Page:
The Politics of Poverty

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Channeling climate adaptation funds to the local level: Zambia’s opportunities and challenges

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Farmer Mufungulwa Kalunga speaks to his fellow farmers about his farming practices during a field day in Mongu, Zambia, sponsored by Concern Worldwide. Helping small-scale farmers adopt agricultural practices that will buffer them from the harmful effects of climate change must be a priority in Zambia. Photo: http://bit.ly/1t3faBz Farmer Mufungulwa Kalunga speaks to his fellow farmers about his farming practices during a field day in Mongu, Zambia, sponsored by Concern Worldwide. Helping small-scale farmers adopt agricultural practices that will buffer them from the harmful effects of climate change must be a priority in Zambia. Photo: http://bit.ly/1t3faBz

A national symposium in Lusaka takes a look at where the finances are flowing.

Annaka Peterson Carvalho is the Senior Program Officer of the Adaptation Finance Accountability Initiative, led by the World Resources InstituteOverseas Development Institute, and Oxfam.

[We] need to get down to business and work with local communities,” said the Vice President of Zambia, Guy Scott, in his opening remarks at the National Symposium on Climate Change Adaptation Finance, Governance & Accountability in Lusaka on Tuesday. Organized by the Zambia Climate Change Network and Oxfam, the symposium brought together stakeholders from government, international organizations, and civil society to discuss findings from research tracking adaptation finance flows in Zambia.

But what are the barriers to actually making use of adaptation finance to build the resilience of local communities?

Teddy Kabunda, Oxfam Humanitarian Programme Coordinator in Zambia, at the National Symposium on Climate Change Adaptation Finance, Governance & Accountability in Lusaka on Tuesday. Photo: Angelo Kairos Torres Dela Cruz / Institute for Climate and Sustainable Cities

Increasingly donors are reporting that they are providing funds for climate adaptation, but much of this funding is going to projects that aren’t really about local adaptation. In the end they will say that they provided Zambia with funding for adaptation, but will this have led to greater resilience of communities?

Zambia is not alone in this challenge. Many governments in poorer countries find it difficult to mainstream national and external funding for adaptation into their national development planning. Climate change is a relatively new development issue, so many of the activities have been focused at the national level, but as greater emphasis is placed upon mainstreaming climate adaptation into development planning, it will be essential to uphold country ownership, improve coordination, and most importantly, engage local communities in the decisions that affect their lives.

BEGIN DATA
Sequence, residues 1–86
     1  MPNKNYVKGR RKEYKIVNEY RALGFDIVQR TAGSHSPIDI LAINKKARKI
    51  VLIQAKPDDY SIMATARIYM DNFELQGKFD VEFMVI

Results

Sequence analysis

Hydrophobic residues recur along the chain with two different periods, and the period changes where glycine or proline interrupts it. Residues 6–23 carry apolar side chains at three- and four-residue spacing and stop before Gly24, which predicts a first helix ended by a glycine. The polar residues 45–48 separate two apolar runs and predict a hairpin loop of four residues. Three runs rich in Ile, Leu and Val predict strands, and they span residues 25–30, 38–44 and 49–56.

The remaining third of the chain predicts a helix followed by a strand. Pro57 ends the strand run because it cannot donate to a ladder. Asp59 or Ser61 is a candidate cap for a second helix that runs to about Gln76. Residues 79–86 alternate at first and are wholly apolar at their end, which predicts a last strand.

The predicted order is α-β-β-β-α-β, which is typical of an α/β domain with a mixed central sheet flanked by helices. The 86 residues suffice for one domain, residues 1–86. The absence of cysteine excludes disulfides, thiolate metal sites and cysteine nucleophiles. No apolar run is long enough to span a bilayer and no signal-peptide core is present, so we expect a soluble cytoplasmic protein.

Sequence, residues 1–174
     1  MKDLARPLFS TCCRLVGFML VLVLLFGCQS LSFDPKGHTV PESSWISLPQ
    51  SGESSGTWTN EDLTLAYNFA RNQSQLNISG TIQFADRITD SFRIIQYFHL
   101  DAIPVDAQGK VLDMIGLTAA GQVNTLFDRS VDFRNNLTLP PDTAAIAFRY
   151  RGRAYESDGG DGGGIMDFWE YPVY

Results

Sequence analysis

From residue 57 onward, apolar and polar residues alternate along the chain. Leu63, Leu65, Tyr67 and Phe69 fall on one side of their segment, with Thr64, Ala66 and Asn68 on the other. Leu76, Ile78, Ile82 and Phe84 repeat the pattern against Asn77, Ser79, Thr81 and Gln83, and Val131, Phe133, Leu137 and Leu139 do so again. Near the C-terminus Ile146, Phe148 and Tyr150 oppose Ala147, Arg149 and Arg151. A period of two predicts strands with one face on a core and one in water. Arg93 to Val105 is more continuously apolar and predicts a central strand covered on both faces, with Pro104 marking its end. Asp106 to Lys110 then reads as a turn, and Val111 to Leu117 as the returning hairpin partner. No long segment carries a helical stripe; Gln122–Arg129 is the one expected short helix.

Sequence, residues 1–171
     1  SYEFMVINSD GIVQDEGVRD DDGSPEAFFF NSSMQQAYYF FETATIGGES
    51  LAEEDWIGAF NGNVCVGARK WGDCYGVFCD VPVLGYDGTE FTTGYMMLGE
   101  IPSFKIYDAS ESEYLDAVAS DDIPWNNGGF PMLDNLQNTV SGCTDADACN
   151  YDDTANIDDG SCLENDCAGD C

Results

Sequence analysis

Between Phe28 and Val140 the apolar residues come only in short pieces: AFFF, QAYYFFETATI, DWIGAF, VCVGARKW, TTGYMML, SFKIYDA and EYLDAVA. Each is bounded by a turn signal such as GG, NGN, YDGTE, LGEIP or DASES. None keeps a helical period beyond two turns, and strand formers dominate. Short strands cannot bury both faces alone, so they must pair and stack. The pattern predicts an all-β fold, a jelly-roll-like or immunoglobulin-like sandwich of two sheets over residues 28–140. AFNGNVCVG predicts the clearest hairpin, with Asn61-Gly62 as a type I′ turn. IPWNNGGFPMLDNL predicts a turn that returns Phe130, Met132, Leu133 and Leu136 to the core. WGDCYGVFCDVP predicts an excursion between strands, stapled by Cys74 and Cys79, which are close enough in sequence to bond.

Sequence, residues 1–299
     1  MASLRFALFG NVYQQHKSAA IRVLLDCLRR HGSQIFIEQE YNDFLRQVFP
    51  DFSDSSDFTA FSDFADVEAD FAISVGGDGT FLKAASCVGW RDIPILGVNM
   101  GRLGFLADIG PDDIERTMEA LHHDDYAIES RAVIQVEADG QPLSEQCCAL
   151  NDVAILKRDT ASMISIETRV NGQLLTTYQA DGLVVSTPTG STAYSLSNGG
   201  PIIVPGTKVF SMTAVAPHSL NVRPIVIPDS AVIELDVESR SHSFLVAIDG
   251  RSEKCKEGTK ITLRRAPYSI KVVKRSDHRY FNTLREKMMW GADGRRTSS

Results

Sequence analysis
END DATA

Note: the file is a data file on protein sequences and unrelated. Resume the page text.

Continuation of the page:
Zambia AFAI graphic
Graphic by the Adaptation Finance Accountability Initiative.

The Zambian government has taken a number of important steps to address climate issues and has prioritized climate change adaptation. It established the Climate Change Secretariat, which carried out a lot of preparatory work with communities and the Ministries in order to prepare for implementation of adaptation activities.

When it comes to channeling adaptation resources to the local level to help communities, the Adaptation Finance Accountability Initiative in Zambia identified the following challenges that will need to be addressed:

  • There is a huge variance between pledged and disbursed funds. From 2012 to 2013, only 36% of committed adaptation funds were disbursed by donors.

    Noah Zimba of the Zambia Climate Change Network presents the Adaptation Finance Accountability Initiative findings. Photo: Angelo Kairos Torres Dela Cruz / Institute for Climate and Sustainable Cities
  • Stakeholders at district and community level were not involved in any of the key stages of the planning and budgeting process.
  • Resources were allocated by the government at national level without stakeholder and community input, resulting in a mismatch between what the government does and what the people see as their main priorities.
  • Local communities in Zambia had limited awareness about available climate finance and their own rights and responsibilities, making it difficult for them to actively claim their rights and demand greater accountability.
  • Climate change adaptation has yet to attain the level of prioritization throughout the government that would contribute to greater domestic flows for adaptation.

Most of Zambia’s funding for adaptation comes from outside Zambia. Nellie Nyangwa, the Oxfam Country Director, said the Zambian government is in a good position to own adaptation and ensure resources are allocated to local communities. Zambian leaders can do a lot to access and utilize more funds to build the resilience of local communities. However, there is still a lot of work ahead to further engage and listen to citizens and communities who are most directly affected by the impacts of climate change. Ensuring that their needs are met must come first.

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